Not Your Ordinary Cookies

Engage with the West Michigan Woman Community!

When she's not eating or sleeping, Rebecca Cruttenden is swimming, biking, and running to train for her yearly Ironman triathalon—basically, taking on the world. But that's not all. She's also baking and delivering cookies, speaking, and coordinating volunteers for her business, Clara Cookies.

These are no ordinary cookies, however.


While training for her Ironman races, Cruttenden found she desperately needed a better tasting, easier to digest protein.

"It was actually my husband's idea—he kept telling me to come up with a protein cookie every time I would complain about needing better food," said Cruttenden. "It took two years, but I finally listened."

Cruttenden created a gluten-free nutritional snack that tastes like a delicious cookie but also has plenty of protein and good fats from ingredients like natural peanut butter or organic coconut oil.

"The peanut butter cookie in particular has 13 grams of protein and is my training and racing cookie," said Cruttenden, noting that Clara Cookies are made with mostly organic ingredients and non-GMO organic soy protein powder. "It's more expensive than the whey protein used by most of the bars on the market, but it doesn't have the protein flavor of most bars, so Clara Cookies tastes like Grandma's cookies!"


From there, Cruttenden was baking cookies for herself, in addition to family and friends—who were adamant that she start her own business.

"It took another year for me to listen to that part, then another to raise start-up costs, but we finally launched Clara Cookies on May 5, 2016."

Today, cookie lovers of all kinds can enjoy flavors including peanut butter chocolate chip, coconut dark chocolate chip, orange cranberry, lemon poppy seed, snickerdoodle or dark chocolate chip with roasted almonds.

You might be wondering where the name of Cruttenden's now-thriving cookie business comes from.

That's where these cookies get even more extraordinary.

"Adoption has been on my heart since I was 12 years old and babysitting some kids who were adopted," said Cruttenden, who's three grown children were adopted from Russia. "After I raised the money to adopt our kids, I started doing fundraisers to help other families—yard sales, bake sales, jewelry shows ... All kinds of things."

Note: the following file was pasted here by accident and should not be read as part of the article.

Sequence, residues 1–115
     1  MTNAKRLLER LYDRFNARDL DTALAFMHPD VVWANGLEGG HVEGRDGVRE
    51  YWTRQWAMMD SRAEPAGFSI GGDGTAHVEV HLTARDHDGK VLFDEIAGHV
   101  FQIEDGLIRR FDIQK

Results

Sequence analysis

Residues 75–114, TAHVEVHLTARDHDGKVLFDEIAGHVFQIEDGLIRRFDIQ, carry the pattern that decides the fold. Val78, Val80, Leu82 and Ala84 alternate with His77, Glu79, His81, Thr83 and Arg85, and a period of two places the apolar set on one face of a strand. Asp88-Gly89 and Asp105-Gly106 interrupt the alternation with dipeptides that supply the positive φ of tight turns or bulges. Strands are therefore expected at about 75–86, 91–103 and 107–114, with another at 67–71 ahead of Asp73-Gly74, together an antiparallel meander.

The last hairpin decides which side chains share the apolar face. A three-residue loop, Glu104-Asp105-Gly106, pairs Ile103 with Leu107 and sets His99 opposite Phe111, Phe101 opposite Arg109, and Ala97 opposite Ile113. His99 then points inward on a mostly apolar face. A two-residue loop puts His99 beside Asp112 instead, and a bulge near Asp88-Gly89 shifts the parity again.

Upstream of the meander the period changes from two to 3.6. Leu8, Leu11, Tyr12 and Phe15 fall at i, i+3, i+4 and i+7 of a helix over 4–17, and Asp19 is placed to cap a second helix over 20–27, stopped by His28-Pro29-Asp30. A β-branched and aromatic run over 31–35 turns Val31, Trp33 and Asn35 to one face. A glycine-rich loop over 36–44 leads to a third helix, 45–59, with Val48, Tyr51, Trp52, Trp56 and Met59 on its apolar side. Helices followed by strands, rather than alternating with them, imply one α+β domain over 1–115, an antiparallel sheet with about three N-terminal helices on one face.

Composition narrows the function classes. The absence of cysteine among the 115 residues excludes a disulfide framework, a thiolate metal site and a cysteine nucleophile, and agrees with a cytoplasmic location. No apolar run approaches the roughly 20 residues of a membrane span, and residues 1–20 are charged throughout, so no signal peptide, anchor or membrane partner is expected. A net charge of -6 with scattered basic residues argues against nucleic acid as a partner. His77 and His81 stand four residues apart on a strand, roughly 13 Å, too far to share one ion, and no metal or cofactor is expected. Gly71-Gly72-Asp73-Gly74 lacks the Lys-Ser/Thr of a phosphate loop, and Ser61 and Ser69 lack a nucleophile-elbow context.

In 2010, Cruttenden founded Team Orphans, which specifically raises money for international kids—including those with special or medical needs, those part of a sibling group at risk of being separated, and older children with a low chance of being adopted.

"I train and race one Ironman triathlon every year and try to raise $25,000 or more for Team Orphans each time," said Cruttenden. "Clara was adopted with money raised from my Ironman Arizona back in 2012. When I was thinking of a name for our cookie business, Clara was the perfect name because it's all about the kids."

Clara's picture and story can be found on every cookie wrapper, representing all the kids in the world who need a family. A full 100 percent of profits from Clara Cookies go toward Team Orphans adoption grants.

"Team Orphans works with six adoption agencies around the country, including Bethany here in Grand Rapids, to offer grants to families adopting international kids with special needs," said Cruttenden. "If a family is in financial need, we can offer up to $10,000 in grant money to help pay for the adoption."

Cruttenden knew from the beginning that it was important for Clara Cookies to be 100 percent volunteer owned and operated.

"We have all volunteer bakers, including students who love to help us in the summer," said Cruttenden, noting more than 45,000 Clara Cookies have been sold. "We have all kinds of student and adult volunteer groups put the sticker labels on our cookie wrappers. We also partner with the special education classroom at Rockford High School, where the students help stuff bags and get lids marked for all of our cookie sampling."

The ultimate goal, Cruttenden said, is to raise $1 million for kids with special needs in her lifetime. She's currently sitting at $245,000. In her not-so-spare time, Cruttenden can be found at local retirement homes with her five-year-old therapy dog, Storm—a "gentle giant" Australian Shepherd.

Want to try Clara Cookies for yourself? There are roughly 30 West Michigan locations that carry Clara Cookies, among them Kingma's Market, Baker Book House Coffee Shop, Alpine Family Fitness, Rockford Ace Hardware and the Grist Mill. Additionally, all 15 Hulst Jepsen Physical Therapy locations in West Michigan have cookies on the front counter, for anyone to purchase.

Interested in volunteering? Cruttenden will welcome you with open arms.

Learn more at Clara Cookies.

Written by Sarah Suydam, Staff Writer for West Michigan Woman.

Photos courtesy of Rebecca Cruttenden. 

More stories you'll love